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  Teacher Beliefs about Parent Involvement

Teacher Beliefs About Parent Involvement
Last updated: May, 2005

This scale is reported in Hoover-Dempsey, Walker, Jones and Reed (2002). It was adapted from Epstein, Salinas & Horsey (1994). It assesses teacher beliefs about parental involvement (e.g., beliefs about the importance of parental involvement; beliefs about parents’ ability to be involved).

The measure employs a six-point, Likert-type scale: 1=disagree very strongly, 2=disagree, 3=disagree just a little, 4=agree just a little, 5=agree, 6=agree very strongly

Alpha reliability for the scale as reported in Hoover-Dempsey et al. (2002): .65 (pre-test); .75 (post-test).

Participants were asked to respond to the following prompt:
“In this section, please indicate HOW MUCH YOU AGREE OR DISAGREE with each of the statements.”  
Parent involvement is important for a good school.
Most parents know how to help their children with schoolwork at home.
Every family has some strengths that can be tapped  to increase student success in school.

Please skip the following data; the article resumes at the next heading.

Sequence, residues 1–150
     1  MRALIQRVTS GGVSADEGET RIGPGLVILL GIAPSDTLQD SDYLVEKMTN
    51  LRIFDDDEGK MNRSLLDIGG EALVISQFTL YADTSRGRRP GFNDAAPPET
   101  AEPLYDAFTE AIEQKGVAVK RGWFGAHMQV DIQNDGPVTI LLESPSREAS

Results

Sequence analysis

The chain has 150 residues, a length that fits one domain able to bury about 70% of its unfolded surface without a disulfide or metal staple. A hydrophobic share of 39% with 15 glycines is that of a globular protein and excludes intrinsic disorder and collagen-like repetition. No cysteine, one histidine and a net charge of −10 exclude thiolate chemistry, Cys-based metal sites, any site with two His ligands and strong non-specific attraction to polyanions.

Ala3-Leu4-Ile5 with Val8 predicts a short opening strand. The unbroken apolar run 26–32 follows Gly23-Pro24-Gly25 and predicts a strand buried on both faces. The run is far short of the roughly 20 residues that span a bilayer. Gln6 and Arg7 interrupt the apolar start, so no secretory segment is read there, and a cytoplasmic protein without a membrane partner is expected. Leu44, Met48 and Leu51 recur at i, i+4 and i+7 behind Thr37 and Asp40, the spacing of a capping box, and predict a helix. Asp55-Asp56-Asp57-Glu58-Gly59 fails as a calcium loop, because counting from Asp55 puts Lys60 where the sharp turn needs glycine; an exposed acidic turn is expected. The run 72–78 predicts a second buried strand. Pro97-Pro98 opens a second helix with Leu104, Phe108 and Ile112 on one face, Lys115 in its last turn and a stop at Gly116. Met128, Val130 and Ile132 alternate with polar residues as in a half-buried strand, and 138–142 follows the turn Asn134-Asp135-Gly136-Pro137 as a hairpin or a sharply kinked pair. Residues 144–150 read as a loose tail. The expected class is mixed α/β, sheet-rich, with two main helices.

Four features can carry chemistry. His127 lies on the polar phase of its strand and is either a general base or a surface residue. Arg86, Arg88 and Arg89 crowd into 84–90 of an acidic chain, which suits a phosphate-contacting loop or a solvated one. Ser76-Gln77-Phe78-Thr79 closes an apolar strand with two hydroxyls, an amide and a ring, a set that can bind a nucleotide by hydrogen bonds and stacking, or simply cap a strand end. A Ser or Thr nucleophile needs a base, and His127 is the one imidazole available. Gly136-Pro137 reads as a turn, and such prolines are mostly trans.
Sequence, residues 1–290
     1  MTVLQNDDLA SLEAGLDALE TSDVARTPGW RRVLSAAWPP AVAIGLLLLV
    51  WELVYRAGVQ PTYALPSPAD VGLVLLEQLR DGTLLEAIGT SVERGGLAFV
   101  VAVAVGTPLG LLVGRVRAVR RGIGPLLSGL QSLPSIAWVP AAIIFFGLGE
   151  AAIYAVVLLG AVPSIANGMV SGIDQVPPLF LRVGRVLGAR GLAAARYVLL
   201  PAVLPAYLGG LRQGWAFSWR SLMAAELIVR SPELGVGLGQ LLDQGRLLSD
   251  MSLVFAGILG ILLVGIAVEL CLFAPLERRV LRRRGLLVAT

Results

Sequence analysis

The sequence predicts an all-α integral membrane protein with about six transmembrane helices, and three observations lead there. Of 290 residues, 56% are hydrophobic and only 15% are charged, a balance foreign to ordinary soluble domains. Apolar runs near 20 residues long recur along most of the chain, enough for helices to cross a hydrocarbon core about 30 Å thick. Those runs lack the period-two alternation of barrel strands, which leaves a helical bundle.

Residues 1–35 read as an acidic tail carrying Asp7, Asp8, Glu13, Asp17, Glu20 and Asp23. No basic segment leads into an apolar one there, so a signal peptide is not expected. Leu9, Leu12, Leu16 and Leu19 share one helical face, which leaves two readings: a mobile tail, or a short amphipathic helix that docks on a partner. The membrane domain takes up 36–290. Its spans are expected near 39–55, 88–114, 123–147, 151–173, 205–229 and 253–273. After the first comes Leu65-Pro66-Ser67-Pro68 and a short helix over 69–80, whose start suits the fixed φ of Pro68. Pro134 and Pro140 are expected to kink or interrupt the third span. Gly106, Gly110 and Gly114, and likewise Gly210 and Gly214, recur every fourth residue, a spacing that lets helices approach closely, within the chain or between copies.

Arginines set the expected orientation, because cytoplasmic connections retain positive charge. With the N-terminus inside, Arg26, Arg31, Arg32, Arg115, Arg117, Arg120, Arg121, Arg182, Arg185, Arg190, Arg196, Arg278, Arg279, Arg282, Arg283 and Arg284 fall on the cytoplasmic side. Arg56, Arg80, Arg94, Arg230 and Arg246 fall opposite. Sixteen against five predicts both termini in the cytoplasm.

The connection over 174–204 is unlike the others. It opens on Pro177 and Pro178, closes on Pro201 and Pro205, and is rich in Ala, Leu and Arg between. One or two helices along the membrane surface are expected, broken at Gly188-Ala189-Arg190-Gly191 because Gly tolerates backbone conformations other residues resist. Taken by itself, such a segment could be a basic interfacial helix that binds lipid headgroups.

All parents could learn ways to help their children with schoolwork at home, if shown how.
Parent involvement can help teachers be more effective with more students.
Parents of children at this school want to be involved more than they are.
Parent involvement is important for student success in school.
This school views parents as important partners.


Epstein, J.L., Salinas, K.C., & Horsey, C.S. (1994). Reliabilities and summaries of scales: School and family partnership surveys of teachers and parents in the elementary middle grades.  Baltimore, MD: Center on Families, Communities, Schools, and Children’s Learning and Center for Research on Effective Schooling for Disadvantaged Students, Johns Hopkins University.

Hoover-Dempsey, K.V., Walker, J.M.T., Jones, K.P., & Reed, R.P. (2002). Teachers Involving Parents (TIP): An in-service teacher education program for enhancing parental involvement. Teaching and Teacher Education, 18 (7), 843-467.  

The Family-School Partnership Lab is part of the Psychology and Human Development Department, Peabody College, Vanderbilt University.